One of the things I really like New Adult is the conversations it inspires.
While I’ve joked about how “sexytimes” figures into whether a book is Young Adult or New Adult, I’m dead serious about young adult books and female sexuality. Want to see me rant? Just drop the s-word when talking about teenage girls. (The s-word is slut.) I also don’t like the “sexytimes” definition for New Adult because, well, Young Adult books do address sex, and sexuality.
I’m delighted to have a guest post about this topic by Beth Ann Bauman, author of Jersey Angel (Random House, 2012; paperback edition, 2013) (edited to add link to my review) and Rosie & Skate (Random House, 2009; paperback edition, 2011) (my review). I also love Beth’s post because, well, sometimes New Adult is spoken about as books set in college, or “college aged” which implies, doesn’t it, that the person should be college. And Beth talks about those people who may not be interested in college. And finally: JERSEY IN THE HOUSE. Ahem. Sorry, but Beth writes about my Jersey Shore, the area I grew up in and still live near, not some reality TV buffed and tanned version.
And, here is Beth’s post —
Why I Wanted to Write About the Girl Who Doesn’t Get Written About
When Angel Cassonetti appeared in the early stages of Jersey Angel, I was happy to meet her. Here was a rebel girl, one who unapologetically likes sex, doesn’t want to be tied down, and knows college isn’t for her. She’s the kind of girl who’s culturally marginalized, but what’s interesting about her is that she doesn’t marginalize herself. She lives her life, seeking her own truth, even as the journey reveals her flaws.
In writing the book I wanted to take on sexual desire and pleasure from a girl’s perspective. What’s interesting to me is how the old double standard still applies in the twenty-first century. Promiscuous boys inspire sly smiles—those horndogs, those bad boys—but sexually active girls are still suspect. In fact, they’re sluts, hos, words that some readers have used in online reviews to describe my character even when they like the book. If there’s been any progress on the double-standard front, it’s that many people can probably accept a girl’s sexual activity if she’s emotionally invested, if the boy she’s doing the deed with means something to her. But enjoying sex because it’s exciting and empowering, feels good, and validates one’s desirability is another story. You’ve come a long way, baby? Not quite. A girl’s horniness is still threatening. And though we may not culturally embrace this girl, she exists.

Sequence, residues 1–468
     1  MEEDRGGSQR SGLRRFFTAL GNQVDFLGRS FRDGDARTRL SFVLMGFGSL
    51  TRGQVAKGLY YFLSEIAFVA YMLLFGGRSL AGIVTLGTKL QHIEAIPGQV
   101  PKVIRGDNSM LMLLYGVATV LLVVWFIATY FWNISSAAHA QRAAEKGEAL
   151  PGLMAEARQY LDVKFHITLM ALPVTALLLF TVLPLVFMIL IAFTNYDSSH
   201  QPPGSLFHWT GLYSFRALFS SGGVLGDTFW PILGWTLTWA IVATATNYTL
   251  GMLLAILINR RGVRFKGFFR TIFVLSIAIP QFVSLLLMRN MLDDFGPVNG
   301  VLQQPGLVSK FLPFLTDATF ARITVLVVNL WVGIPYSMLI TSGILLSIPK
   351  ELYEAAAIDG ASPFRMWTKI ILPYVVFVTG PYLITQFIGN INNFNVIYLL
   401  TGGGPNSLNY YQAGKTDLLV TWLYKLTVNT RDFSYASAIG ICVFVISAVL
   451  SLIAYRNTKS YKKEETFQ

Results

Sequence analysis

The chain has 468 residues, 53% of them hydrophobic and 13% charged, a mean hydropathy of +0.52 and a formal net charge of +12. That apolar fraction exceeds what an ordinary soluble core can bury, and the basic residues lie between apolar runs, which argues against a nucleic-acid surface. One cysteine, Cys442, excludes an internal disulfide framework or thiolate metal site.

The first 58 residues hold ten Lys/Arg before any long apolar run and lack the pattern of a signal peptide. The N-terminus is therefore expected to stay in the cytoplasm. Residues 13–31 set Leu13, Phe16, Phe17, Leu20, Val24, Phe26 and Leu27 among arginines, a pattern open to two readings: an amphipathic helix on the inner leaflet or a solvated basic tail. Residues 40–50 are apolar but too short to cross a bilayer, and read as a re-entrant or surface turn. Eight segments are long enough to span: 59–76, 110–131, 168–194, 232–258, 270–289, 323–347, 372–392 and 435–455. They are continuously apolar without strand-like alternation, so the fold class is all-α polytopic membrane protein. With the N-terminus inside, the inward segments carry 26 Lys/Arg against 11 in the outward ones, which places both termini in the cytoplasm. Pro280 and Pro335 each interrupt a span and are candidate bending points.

I’m also intrigued by the question of ambition. The YA landscape is filled with interesting strivers, kids on their way to adulthood with college as a likely destination on the journey. But you don’t often find stories about kids who aren’t college bound: the ones who don’t make the grades, haven’t been paying attention, or know in their hearts college isn’t for them. If the subtle and sometimes not-so-subtle aim of YA fiction is to promote good values and morality, I wonder if a story about the low striver, or the kid who doesn’t try to play the college game at all, is seen as a kind of failure on the author’s part. Such a book depicts a lack of ambition that very well may be anti-American. But the truth is plenty of kids don’t go to college. They don’t want to—and wouldn’t do well if pushed in that direction. This is a class issue as well. If stories about kids in the lower classes are often about the climb out, what do we make of the girl who comfortably stays put? It seems to me that in YA literature she gets bypassed or used as the bad example.
There are many different types of teens, and in Angel I’d like to think I’ve given voice to a character we don’t often hear from. YA should represent many voices, not just those that serve as good examples. Maybe the bigger issue is why we think teens need role models in these books. As a writer, I’m interested in representing the world as it is, not as it should be. Rather than providing role models, shouldn’t fiction be a means of imagining a life other than our own? There’s value and self-expansion in doing so, and the reward might be a fuller view of the human condition.
Let’s hear it for the antiheroine, who resists others’ limited vision of her and has the courage to stand alone. In testing limits and seeing what she’s made of, she’ll screw up more often than not—which epitomizes the teen years—but in the process she may find a richer, more hard-won path to selfhood.
Thank you, Beth!